Like any good recovering addict could tell you, take it one day at a time. (I am not a recovering addict but my dad has over 40 years of sobriety, my BFF has almost three-and-a-half, and another very good childhood friend has a little over two years. I’m no stranger to the philosophies of AA.) This is how I need to learn to look at things big and small. This is going to be difficult as Big E is a big-picture person and I’m a… well, I’m not sure what kind of person I am. Not a forward thinker or a futurist, I guess I tend to get caught up in the little details. And then the little details become the whole thing and I get overwhelmed. What’s the saying, can’t see the forest for the trees? That’s me. Big E, he can’t see the trees for the forest. The trick will be finding a way our two world views can work together. Which segues nicely to my next item:
4. Use your strengths
I’m enrolled in a leadership program through the University of Kansas. We meet twice a month and have gone over several different topics ranging from conflict resolution to networking to generations in the workplace. My favorite topic by far has been the strengths finder aptitude test. In a nutshell, we all received a code to take an online test. This wasn’t the standard Myers-Briggs personality test, this was a fast, gut instinct quiz that timed you out of your answer if you hadn’t made a choice after twenty seconds. The results were spot on in most cases, and not just for me. When we discussed it in class most people felt they were accurately represented. My strengths were: adaptability, harmony, input, empathy, and developer in that order. I’m heavy on the soft skills, not quite as heavy on the real-life skills as I call them. (I know, I know, it can be argued that the soft skills are what can make or break you in a professional or personal way and anyone can learn technical skills but soft skills can’t be taught.) My point is I need to bring some of those soft skills home with me and not leave them at the office. I need to have them in my arsenal 24/7 not just from 8-5.
5. Acknowledge which events are cyclical and which are one time only commitments
Glancing at my Outlook calendar for the month of October, I had four working days that I did not have a meeting, presentation, or other type of commitment pre-scheduled. When you add in Big E’s work obligations you get even more days where our days are a blur. If you add on to that all of our outside obligations, it’s no wonder I feel like I’m drowning and don’t have any time with my family or for myself. This month has seen after hour board meetings, birthday dinners, going away parties, dinners with those about to depart, etc. Some of these things are cyclical; they’ll happen every month, every quarter, what have you and you can plan for them. Others, like the going away parties and dinners, are one time only commitments. These are ones we can’t back out of and need to be present for. We need to be present for all of them, but especially these and we’ve had quite a few commitments in this category over the past couple months. When you also add taking care of a toddler and renovating a 2500 square foot house into the mix and it’s no wonder I reached my breaking point last weekend. Looking back at how many of the events that either kept us from each other or kept us from the house and realizing how many were one time only events helps me understand that a) we didn’t really have a choice but to be a part of those events and b) we need to work on scheduling the cyclical events a little better if at all possible.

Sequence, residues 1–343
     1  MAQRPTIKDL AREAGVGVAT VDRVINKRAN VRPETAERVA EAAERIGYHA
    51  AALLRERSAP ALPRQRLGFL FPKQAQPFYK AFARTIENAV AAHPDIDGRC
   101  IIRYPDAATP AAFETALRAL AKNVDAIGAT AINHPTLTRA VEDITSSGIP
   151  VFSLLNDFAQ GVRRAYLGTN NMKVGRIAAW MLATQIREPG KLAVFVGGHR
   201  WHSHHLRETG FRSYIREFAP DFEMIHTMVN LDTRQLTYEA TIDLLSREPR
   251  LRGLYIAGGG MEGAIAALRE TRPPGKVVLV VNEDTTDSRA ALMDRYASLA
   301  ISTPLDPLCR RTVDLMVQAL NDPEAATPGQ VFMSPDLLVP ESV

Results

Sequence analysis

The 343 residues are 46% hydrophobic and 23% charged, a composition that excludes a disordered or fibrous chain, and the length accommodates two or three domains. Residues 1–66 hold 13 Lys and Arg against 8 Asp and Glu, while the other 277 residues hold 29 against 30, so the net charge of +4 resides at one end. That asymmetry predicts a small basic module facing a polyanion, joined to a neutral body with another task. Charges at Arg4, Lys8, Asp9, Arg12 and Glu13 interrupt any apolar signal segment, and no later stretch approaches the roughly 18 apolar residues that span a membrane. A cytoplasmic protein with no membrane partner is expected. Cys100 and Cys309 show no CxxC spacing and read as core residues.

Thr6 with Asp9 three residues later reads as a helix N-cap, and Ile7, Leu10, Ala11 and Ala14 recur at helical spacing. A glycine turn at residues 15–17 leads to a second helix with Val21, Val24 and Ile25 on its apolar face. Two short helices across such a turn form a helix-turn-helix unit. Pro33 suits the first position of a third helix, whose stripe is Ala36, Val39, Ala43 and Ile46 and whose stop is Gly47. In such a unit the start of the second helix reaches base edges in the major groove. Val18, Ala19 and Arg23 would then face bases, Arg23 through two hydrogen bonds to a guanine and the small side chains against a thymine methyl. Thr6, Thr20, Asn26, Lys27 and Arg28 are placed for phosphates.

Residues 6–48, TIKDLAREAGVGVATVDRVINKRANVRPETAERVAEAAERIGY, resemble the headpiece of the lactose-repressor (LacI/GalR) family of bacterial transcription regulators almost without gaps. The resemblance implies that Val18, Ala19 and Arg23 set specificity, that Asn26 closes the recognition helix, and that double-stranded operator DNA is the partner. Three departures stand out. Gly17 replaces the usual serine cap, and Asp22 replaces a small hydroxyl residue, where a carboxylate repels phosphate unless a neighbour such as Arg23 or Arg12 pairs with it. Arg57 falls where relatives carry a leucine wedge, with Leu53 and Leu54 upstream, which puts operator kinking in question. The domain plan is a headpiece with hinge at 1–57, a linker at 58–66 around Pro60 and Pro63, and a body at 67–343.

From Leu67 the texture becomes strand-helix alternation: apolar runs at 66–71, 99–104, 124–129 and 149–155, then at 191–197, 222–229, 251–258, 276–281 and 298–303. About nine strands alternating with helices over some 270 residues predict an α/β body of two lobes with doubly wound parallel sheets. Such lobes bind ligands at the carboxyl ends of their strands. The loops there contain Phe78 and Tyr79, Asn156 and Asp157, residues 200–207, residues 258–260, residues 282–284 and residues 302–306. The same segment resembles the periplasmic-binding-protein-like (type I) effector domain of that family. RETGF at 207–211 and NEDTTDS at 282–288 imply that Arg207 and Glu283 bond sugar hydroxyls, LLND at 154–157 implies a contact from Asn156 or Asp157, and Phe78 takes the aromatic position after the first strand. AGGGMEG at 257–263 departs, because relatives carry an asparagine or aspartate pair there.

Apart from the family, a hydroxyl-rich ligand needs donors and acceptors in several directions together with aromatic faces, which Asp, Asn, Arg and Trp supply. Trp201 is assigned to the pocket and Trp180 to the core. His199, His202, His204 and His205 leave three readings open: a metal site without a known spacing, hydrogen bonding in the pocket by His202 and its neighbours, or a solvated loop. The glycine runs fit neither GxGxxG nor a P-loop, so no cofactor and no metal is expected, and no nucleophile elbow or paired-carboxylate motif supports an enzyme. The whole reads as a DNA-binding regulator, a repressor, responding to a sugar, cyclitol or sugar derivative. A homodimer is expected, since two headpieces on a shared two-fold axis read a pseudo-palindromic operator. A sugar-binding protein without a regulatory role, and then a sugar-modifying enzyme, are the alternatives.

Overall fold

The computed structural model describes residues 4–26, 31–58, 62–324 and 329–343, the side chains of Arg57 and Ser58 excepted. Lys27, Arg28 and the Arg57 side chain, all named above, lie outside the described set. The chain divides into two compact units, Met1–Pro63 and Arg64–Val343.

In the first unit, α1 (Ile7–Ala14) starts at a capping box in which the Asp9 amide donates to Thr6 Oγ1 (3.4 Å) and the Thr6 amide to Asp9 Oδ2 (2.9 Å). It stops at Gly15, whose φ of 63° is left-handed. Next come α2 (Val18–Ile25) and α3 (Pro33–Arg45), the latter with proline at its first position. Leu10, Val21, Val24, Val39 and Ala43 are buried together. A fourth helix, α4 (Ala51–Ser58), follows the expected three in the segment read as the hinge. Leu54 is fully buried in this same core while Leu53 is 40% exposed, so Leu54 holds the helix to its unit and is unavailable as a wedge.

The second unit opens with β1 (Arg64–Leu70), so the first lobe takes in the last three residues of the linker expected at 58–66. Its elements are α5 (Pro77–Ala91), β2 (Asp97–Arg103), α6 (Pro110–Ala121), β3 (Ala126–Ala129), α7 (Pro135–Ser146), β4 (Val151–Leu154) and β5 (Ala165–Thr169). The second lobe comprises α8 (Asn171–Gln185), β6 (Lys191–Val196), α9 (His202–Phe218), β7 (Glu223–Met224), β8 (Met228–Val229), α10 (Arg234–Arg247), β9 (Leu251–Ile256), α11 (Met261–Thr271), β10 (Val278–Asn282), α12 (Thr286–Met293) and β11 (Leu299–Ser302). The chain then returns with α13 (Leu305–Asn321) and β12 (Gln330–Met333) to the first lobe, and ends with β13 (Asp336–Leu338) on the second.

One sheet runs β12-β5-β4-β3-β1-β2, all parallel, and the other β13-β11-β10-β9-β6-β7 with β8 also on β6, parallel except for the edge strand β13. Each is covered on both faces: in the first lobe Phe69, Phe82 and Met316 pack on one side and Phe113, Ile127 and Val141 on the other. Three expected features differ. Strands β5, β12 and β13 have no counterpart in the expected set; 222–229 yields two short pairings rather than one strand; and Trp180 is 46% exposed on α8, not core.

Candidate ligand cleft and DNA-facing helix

6.Lower your standards
By this I mean I need to loosen up a bit. I joked in the first item on this list about making a meal from produce I grew myself, and that part is actually a goal of mine. Someday. In the meantime I need to be okay with cooking a box of mac-n-cheese along with some frozen peas and calling it dinner. I need to be okay with the fact that when Big E does the laundry he may not do it the way I want it done, but it gets done. I need to be okay with Big E dressing Little F in the morning, even if after checking the weather forecast Little F goes to school wearing a long-sleeved shirt when it’s 78 degrees out and a short-sleeved shirt when it’s 45 degrees. On second thought, maybe I still need to lay out Little F’s clothes the night before.